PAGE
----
The external fund manager backed by Berkshire Hathaway's Charlie Munger, Li Lu, makes no bones about it when he says 'The biggest investment risk is not the volatility of prices, but whether you will suffer a permanent loss of capital.' When we think about how risky a company is, we always like to look at its use of debt, since debt overload can lead to ruin. We note that Daseke, Inc. (NASDAQ:DSKE) does have debt on its balance sheet. But the real question is whether this debt is making the company risky.
What Risk Does Debt Bring?
Debt and other liabilities become risky for a business when it cannot easily fulfill those obligations, either with free cash flow or by raising capital at an attractive price. In the worst case scenario, a company can go bankrupt if it cannot pay its creditors. However, a more common (but still painful) scenario is that it has to raise new equity capital at a low price, thus permanently diluting shareholders. Of course, plenty of companies use debt to fund growth, without any negative consequences. When we think about a company's use of debt, we first look at cash and debt together.
What Is Daseke's Net Debt?
As you can see below, at the end of June 2019, Daseke had US$673.2m of debt, up from US$615.4m a year ago. Click the image for more detail. However, because it has a cash reserve of US$63.7m, its net debt is less, at about US$609.5m.
How Strong Is Daseke's Balance Sheet?
We can see from the most recent balance sheet that Daseke had liabilities of US$232.5m falling due within a year, and liabilities of US$839.5m due beyond that. On the other hand, it had cash of US$63.7m and US$231.0m worth of receivables due within a year. So its liabilities total US$777.3m more than the combination of its cash and short-term receivables.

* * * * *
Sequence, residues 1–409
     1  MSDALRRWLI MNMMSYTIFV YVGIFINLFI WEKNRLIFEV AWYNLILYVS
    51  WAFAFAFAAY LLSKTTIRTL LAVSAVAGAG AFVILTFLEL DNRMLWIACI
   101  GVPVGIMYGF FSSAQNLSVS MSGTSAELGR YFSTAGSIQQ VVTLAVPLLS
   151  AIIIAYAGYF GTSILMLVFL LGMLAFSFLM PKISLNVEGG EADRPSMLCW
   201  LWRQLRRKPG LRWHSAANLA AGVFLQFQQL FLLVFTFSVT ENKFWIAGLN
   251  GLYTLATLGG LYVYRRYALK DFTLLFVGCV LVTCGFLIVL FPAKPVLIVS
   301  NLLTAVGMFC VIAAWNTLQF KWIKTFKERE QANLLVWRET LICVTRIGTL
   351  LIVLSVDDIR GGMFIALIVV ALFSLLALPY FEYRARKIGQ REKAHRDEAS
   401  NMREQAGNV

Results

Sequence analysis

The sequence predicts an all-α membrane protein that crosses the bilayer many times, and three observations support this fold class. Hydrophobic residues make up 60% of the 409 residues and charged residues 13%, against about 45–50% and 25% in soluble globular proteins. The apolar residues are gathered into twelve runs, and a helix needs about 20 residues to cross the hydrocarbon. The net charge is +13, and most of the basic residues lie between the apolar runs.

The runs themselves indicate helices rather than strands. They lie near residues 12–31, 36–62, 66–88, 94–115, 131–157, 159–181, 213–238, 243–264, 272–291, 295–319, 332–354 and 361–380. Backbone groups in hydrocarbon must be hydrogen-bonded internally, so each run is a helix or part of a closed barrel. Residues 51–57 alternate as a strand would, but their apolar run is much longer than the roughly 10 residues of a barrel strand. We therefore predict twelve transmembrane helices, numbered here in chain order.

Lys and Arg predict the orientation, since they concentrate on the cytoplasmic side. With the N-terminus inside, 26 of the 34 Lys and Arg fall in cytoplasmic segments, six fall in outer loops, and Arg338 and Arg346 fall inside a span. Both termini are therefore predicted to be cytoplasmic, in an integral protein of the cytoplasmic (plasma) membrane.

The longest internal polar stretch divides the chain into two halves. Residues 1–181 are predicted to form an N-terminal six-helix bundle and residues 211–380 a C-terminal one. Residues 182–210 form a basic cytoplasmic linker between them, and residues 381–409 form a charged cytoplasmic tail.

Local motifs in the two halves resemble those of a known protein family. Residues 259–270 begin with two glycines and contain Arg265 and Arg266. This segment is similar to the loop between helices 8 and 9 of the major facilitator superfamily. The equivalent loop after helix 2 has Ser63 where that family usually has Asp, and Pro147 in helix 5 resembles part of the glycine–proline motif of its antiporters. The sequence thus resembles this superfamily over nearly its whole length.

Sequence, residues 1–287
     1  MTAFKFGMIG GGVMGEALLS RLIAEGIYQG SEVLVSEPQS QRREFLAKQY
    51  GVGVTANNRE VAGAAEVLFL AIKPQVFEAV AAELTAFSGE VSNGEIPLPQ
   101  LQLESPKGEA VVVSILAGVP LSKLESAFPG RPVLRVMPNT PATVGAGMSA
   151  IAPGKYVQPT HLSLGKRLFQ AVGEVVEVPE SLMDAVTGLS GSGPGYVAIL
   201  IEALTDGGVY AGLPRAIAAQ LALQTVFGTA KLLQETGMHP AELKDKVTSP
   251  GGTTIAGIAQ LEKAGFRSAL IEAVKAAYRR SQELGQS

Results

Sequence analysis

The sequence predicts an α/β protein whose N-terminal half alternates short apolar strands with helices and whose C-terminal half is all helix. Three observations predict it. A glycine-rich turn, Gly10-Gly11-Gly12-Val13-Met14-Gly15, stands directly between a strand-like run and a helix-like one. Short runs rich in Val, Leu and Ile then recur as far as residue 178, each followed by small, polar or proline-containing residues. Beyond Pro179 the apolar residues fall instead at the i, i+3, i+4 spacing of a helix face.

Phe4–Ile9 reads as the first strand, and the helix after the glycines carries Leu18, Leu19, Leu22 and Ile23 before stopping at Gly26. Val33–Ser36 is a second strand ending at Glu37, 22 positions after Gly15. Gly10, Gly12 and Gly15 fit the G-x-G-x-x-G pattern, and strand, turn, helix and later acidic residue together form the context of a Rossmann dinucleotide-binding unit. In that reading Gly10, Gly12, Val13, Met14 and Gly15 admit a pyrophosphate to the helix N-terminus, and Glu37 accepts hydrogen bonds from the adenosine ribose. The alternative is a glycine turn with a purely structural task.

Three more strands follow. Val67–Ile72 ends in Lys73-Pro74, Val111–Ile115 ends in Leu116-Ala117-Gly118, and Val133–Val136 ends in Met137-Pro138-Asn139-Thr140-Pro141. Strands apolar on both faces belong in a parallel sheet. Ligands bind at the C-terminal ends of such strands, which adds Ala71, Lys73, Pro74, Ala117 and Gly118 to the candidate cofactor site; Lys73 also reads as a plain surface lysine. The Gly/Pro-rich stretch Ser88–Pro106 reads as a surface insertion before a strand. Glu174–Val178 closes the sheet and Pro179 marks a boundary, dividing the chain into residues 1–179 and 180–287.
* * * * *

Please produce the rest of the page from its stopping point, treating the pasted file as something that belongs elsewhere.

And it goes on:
This deficit casts a shadow over the US$211.2m company, like a colossus towering over mere mortals. So we'd watch its balance sheet closely, without a doubt After all, Daseke would likely require a major re-capitalisation if it had to pay its creditors today.
We measure a company's debt load relative to its earnings power by looking at its net debt divided by its earnings before interest, tax, depreciation, and amortization (EBITDA) and by calculating how easily its earnings before interest and tax (EBIT) cover its interest expense (interest cover). Thus we consider debt relative to earnings both with and without depreciation and amortization expenses.
While Daseke's debt to EBITDA ratio (3.7) suggests that it uses some debt, its interest cover is very weak, at 0.39, suggesting high leverage. It seems that the business incurs large depreciation and amortisation charges, so maybe its debt load is heavier than it would first appear, since EBITDA is arguably a generous measure of earnings. So shareholders should probably be aware that interest expenses appear to have really impacted the business lately. Worse, Daseke's EBIT was down 23% over the last year. If earnings keep going like that over the long term, it has a snowball's chance in hell of paying off that debt. When analysing debt levels, the balance sheet is the obvious place to start. But ultimately the future profitability of the business will decide if Daseke can strengthen its balance sheet over time. So if you're focused on the future you can check out this free report showing analyst profit forecasts.
Finally, while the tax-man may adore accounting profits, lenders only accept cold hard cash. So the logical step is to look at the proportion of that EBIT that is matched by actual free cash flow. Over the last three years, Daseke actually produced more free cash flow than EBIT. That sort of strong cash generation warms our hearts like a puppy in a bumblebee suit.
On the face of it, Daseke's EBIT growth rate left us tentative about the stock, and its level of total liabilities was no more enticing than the one empty restaurant on the busiest night of the year. But at least it's pretty decent at converting EBIT to free cash flow; that's encouraging. Overall, it seems to us that Daseke's balance sheet is really quite a risk to the business. So we're almost as wary of this stock as a hungry kitten is about falling into its owner's fish pond: once bitten, twice shy, as they say. Given the risks around Daseke's use of debt, the sensible thing to do is to check if insiders have been unloading the stock.
If you're interested in investing in businesses that can grow profits without the burden of debt, then check out this free list of growing businesses that have net cash on the balance sheet.
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